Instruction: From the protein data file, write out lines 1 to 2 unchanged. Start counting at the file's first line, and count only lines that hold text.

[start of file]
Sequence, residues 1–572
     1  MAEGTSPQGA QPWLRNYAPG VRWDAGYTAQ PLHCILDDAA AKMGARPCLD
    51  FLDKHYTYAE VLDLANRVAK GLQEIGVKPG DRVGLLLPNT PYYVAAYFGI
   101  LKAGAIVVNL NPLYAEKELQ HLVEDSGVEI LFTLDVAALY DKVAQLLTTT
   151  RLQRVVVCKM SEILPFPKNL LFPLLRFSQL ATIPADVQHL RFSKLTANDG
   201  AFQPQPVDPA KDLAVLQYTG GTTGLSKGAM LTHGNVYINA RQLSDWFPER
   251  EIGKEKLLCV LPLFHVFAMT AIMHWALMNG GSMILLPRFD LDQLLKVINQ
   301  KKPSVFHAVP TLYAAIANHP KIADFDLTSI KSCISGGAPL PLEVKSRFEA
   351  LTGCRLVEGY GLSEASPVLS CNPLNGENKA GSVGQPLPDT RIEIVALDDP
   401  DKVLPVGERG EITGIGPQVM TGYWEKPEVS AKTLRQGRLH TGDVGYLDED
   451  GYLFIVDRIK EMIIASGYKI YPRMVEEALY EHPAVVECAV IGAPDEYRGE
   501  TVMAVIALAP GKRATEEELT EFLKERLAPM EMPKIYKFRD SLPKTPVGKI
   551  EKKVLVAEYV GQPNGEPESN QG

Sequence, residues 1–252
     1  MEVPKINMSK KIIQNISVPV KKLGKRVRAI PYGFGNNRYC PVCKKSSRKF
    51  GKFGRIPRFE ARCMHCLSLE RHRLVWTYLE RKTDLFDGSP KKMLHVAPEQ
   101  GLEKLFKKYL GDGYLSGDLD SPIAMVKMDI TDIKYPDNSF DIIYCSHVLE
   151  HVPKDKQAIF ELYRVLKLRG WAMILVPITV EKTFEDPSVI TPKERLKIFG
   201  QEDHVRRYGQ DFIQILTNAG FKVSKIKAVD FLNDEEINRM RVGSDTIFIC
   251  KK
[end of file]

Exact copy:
Sequence, residues 1–572
     1  MAEGTSPQGA QPWLRNYAPG VRWDAGYTAQ PLHCILDDAA AKMGARPCLD